Setting up a business in the United States can be quite complex, depending on the business structure you decide on. Choosing a business structure and going through the mandatory steps to form your business entity is one of the first steps to doing business in the United States.
Agreeably, state laws govern the formation and structure of business entities in the US, but the same legal structures are available throughout the country. And just like we all know, the most common legal structures are sole proprietorships, partnerships, corporations, and limited liability companies. Each type of legal structure has its own benefits and drawbacks, which will also generally depend on your specific business.
However, note that choosing a business structure is a strategic decision that should be made with thorough consideration of the advantages and disadvantages. Some people might choose to consult their attorney who can make company specific recommendations. But have it in mind that you can change your business structure in the future. Whether it is possible and how complex it will be depends on your state laws.
Table of Content
- What is a Sole Proprietorship?
- 1. Self – employed and Freelancers
- 2. Franchises
- 3. Independent Contractors and Subcontractors
- 1. Start with your business name
- 2. Obtain an employee identification number (EIN)
- 3. Secure the proper paperwork needed in your state
- 4. Open a business bank account
- 5. Acquire adequate insurance
- 6. Pay your taxes
What is a Sole Proprietorship?
According to Investopedia, a sole proprietorship also referred to as a sole trader or a proprietorship, is an unincorporated business that has just one owner who pays personal income tax on profits earned from the business. This is the easiest type of business to form or dissolve, due to a lack of government regulation.
In the United States, these types of businesses are very popular among sole owners of businesses, individual self – contractors, and consultants. 73 percent of U.S. businesses are owned and operated by sole proprietors or sole traders. Many entrepreneurs prefer sole proprietorships due to the ownership they have over business decisions and revenue and how easy and cost – effective they are to set up.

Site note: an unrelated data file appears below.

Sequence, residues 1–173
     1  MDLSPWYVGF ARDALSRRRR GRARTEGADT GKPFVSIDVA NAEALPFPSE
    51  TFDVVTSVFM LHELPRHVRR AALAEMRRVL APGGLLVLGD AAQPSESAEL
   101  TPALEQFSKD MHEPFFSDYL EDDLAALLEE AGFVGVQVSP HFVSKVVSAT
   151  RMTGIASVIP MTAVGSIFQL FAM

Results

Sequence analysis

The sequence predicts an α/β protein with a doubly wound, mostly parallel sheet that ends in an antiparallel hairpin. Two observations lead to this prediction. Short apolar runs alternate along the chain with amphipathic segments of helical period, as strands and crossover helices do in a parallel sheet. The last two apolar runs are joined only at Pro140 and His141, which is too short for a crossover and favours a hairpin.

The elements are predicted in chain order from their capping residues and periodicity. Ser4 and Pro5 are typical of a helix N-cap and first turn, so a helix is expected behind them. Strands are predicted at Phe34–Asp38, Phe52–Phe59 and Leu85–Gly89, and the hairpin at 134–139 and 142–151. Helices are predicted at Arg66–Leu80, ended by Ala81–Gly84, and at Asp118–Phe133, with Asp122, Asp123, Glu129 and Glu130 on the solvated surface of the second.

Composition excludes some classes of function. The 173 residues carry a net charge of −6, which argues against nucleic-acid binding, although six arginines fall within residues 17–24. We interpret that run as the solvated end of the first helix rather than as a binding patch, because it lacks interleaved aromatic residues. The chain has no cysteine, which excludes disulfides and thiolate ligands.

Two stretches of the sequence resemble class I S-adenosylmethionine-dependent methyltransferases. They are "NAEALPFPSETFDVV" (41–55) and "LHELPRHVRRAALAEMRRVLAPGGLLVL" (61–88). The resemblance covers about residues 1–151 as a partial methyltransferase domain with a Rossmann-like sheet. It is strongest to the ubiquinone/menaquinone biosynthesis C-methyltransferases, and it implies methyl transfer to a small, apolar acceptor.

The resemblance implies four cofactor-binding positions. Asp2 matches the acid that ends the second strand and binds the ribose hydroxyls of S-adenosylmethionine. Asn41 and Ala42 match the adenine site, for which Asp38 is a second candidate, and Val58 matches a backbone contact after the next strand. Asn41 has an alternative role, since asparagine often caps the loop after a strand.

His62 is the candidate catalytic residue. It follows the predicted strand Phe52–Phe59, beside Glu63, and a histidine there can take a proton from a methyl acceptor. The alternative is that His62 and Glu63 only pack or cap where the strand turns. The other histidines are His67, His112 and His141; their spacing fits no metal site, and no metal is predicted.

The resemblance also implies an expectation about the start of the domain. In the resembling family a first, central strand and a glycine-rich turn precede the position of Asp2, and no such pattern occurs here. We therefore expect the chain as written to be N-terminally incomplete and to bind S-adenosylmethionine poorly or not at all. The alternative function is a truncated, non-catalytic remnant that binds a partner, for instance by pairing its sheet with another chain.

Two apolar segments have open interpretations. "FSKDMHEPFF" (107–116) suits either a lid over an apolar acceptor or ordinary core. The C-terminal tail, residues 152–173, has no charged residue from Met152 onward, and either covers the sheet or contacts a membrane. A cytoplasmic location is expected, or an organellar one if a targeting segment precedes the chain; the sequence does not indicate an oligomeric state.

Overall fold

The primary benefits of sole proprietorship are the pass – through tax advantage, the ease of creation, and the low fees of creation and maintenance. While the primary disadvantages of a sole proprietorship are the unlimited liability that goes beyond the business to the owner, and the difficulty in getting capital funding, specifically through established channels, such as issuing equity and obtaining bank loans or lines of credit.
Entrepreneurs usually begin as an entity with unlimited liability, but as the business grows, they tend to often transition to a limited liability entity, such as an LLC or LLP, or a corporation—e.g. S Corp, C Corp, or Benefit Corp.
Different Types of Sole Proprietorship in the United States
Note that although legal and tax requirements have no differences among them, there are a few different subcategories of business that informally fall under the umbrella of a sole proprietorship business.
1. Self – employed and Freelancers
First and foremost, note that these individuals may come from any type of background or pursue any kind of work and the vast majority of these are one – person operations. They may include consultants, writers or graphic artists who fall under the freelance tab and likely work from home without a ton of capital tied up in the business. In many cases, freelancers handle their trades on the side and may have full – time day jobs.
Howbeit, comparing freelance versus self – employed folks, it may be quite confusing but the latter group could be seen as depending entirely on revenue from sole proprietorships as their primary source of income, and the hustle is a full – time affair. Also note that this might include a small retail business that employs family members or perhaps a non – related part – time worker.
A franchise may also take on the form of a sole proprietorship. In a franchise, the sole proprietor, also referred to as a franchisee, pays a fee to a franchisor in exchange for the right to leverage the company brand. Note that this franchisee is mandated to follow a tried and trusted business model that controls such areas as operations, marketing, pricing and the ability to expand.
The franchisee is also expected to always pay the franchisor royalties, which are more or less a percentage of the franchise unit is gross sales. In the United States, a franchise can be an ideal option for the sole proprietor who has little business experience, as the franchisor provides a successful business model as well as marketing and operational support.
3. Independent Contractors and Subcontractors
An independent contractor is also a self – employed sole proprietor, but his role more closely fits that of an employee. Notably, an independent contractor is hired by an employer to perform a specific task but has no taxes withheld from his pay and typically receives no benefits such as health insurance. And just unlike an employee, the independent contractor enjoys the freedom to accept or decline assignments.
By contrast, when an independent contractor is hired by a general contractor (GC) overseeing operations on a multifaceted commercial project, for example, independent contractors can also double as subcontractors, receiving payments from the GC that are reported on an IRS 1099 Form.